The fair implementation of the EEXI is critically important, said Johan Roos
Trade association Interferry is carrying out an energy efficiency data survey among its members to ensure that existing ferries can comply with new regulations on greenhouse gas emissions agreed by the International Maritime Organization’s (IMO) Marine Environment Protection Committee(MEPC).
The regulations, subject to final approval at a meeting of the MEPC in June, will require existing ships to have achieved new energy efficiency values by 2023 or lose their licence to operate. Interferry’s survey aims to reconcile the diversity of ferry operation with sector-specific adaptations to the Energy Efficiency Existing Ships Index (EEXI) to ensure that carbon dioxide reductions achieved by ferry operators are fully credited.
Interferry initially carried out a sample review of 125 roro cargo ships and 110 ropax vessels, finding that many of the ferries could not comply with the EEXI as currently proposed. The full data survey will be conducted before 25 December.
“IMO regulations are generally based on the conditions governing deep-sea shipping that are not always appropriate in the smaller shortsea segment,” said Johan Roos, regulatory affairs director for Interferry. “The main EEXI compliance option is power limitation. Ocean-going ships can typically limit their installed power and moderately reduce speed to meet the required average performance within a shipping sector. In contrast, the multi-various nature of passenger and cargo ferry services demands operational flexibility and there is no obvious technical solution to ensure regulatory compliance.”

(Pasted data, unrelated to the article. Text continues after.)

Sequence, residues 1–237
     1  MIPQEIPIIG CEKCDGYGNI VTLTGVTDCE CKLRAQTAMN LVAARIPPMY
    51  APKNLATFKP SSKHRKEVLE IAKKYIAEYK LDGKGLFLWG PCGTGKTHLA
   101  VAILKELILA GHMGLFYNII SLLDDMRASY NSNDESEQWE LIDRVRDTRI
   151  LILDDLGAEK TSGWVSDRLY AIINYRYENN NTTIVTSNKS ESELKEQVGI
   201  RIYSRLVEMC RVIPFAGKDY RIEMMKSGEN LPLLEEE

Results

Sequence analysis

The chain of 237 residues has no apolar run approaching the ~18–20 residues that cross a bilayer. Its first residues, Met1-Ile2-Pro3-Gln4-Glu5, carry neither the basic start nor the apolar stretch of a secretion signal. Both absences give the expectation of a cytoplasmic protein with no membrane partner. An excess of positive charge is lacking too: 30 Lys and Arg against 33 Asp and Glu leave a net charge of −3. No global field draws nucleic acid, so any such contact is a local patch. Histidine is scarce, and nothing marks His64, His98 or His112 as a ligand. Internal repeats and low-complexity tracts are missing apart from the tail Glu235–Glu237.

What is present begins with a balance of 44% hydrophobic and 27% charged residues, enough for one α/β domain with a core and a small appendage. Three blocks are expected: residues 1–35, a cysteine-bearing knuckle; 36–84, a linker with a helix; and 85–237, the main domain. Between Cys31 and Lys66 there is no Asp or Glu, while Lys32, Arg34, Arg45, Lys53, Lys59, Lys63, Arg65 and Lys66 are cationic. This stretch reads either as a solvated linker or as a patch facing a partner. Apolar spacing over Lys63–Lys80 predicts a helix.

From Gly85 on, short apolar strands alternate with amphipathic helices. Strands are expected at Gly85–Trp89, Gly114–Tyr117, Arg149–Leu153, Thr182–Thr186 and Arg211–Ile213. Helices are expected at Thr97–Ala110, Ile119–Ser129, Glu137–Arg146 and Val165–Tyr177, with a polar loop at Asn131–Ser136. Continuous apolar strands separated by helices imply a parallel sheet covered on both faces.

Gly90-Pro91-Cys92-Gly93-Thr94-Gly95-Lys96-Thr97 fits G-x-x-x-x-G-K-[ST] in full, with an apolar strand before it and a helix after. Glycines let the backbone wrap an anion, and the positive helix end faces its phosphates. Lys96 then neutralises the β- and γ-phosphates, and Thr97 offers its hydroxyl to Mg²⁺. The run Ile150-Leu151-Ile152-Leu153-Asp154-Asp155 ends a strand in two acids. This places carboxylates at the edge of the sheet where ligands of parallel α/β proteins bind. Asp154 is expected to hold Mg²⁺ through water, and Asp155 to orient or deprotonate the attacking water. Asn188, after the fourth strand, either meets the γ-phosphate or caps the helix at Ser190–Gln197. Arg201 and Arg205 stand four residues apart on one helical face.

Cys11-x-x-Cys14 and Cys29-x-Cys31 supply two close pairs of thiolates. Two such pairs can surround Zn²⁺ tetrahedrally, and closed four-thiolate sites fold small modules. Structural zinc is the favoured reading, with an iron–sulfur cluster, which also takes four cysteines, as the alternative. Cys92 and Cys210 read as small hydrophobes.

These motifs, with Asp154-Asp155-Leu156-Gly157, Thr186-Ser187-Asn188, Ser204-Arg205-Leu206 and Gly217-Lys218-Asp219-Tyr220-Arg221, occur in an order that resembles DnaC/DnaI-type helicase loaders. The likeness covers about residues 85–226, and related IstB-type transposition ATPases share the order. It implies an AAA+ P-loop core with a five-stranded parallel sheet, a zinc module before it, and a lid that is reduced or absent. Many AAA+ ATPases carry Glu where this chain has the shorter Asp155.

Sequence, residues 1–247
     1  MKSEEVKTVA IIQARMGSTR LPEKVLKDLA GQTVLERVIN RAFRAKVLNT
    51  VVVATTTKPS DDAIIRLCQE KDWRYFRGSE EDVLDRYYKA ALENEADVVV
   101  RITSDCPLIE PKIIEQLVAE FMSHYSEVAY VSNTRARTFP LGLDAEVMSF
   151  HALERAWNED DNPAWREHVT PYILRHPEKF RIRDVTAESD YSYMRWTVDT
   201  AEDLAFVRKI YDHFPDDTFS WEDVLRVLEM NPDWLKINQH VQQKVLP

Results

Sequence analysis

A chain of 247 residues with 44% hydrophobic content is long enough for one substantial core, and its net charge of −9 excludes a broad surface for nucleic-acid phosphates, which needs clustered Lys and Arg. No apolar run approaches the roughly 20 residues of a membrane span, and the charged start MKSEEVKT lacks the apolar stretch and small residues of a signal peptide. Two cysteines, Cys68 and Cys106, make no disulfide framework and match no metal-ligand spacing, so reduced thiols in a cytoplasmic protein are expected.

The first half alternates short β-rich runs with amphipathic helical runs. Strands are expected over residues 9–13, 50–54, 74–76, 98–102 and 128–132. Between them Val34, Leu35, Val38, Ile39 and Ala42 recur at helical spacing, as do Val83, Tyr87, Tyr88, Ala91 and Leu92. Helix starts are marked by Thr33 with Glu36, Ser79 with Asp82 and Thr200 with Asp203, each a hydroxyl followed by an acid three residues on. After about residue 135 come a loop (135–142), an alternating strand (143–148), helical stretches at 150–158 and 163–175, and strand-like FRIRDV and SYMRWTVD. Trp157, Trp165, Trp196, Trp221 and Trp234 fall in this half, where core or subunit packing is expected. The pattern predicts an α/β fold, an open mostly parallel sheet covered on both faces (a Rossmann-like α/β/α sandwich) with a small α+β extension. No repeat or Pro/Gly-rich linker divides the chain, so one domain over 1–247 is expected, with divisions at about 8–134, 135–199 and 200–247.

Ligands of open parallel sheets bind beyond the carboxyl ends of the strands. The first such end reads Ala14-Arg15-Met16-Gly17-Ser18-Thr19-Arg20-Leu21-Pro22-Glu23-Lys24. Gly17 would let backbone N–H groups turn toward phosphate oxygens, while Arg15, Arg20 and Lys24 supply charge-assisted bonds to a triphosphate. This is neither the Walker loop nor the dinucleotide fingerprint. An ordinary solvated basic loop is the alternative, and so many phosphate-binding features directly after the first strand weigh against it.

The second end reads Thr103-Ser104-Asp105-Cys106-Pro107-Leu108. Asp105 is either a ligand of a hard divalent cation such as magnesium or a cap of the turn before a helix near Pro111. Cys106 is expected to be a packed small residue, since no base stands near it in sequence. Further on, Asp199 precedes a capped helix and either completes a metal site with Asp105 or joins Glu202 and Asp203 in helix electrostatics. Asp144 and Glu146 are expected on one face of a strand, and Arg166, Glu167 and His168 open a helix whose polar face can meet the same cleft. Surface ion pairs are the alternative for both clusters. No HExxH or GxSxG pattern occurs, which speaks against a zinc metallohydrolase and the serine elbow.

The proposals also include operational measures to be introduced from 2026 under the Carbon Intensity Indicator, which would monitor annual improvements on each ship by comparing fuel consumption and distance sailed with an agreed base year.
“Between now and MEPC76 next June, a lot of work needs to be done working out the details both for the frameworks and for any necessary sector adaptations,” said Roos. “For Interferry members, it is critically important that we collect as much relevant fleet data as possible to ensure that the EEXI is implemented in a fair and reasonable manner.”
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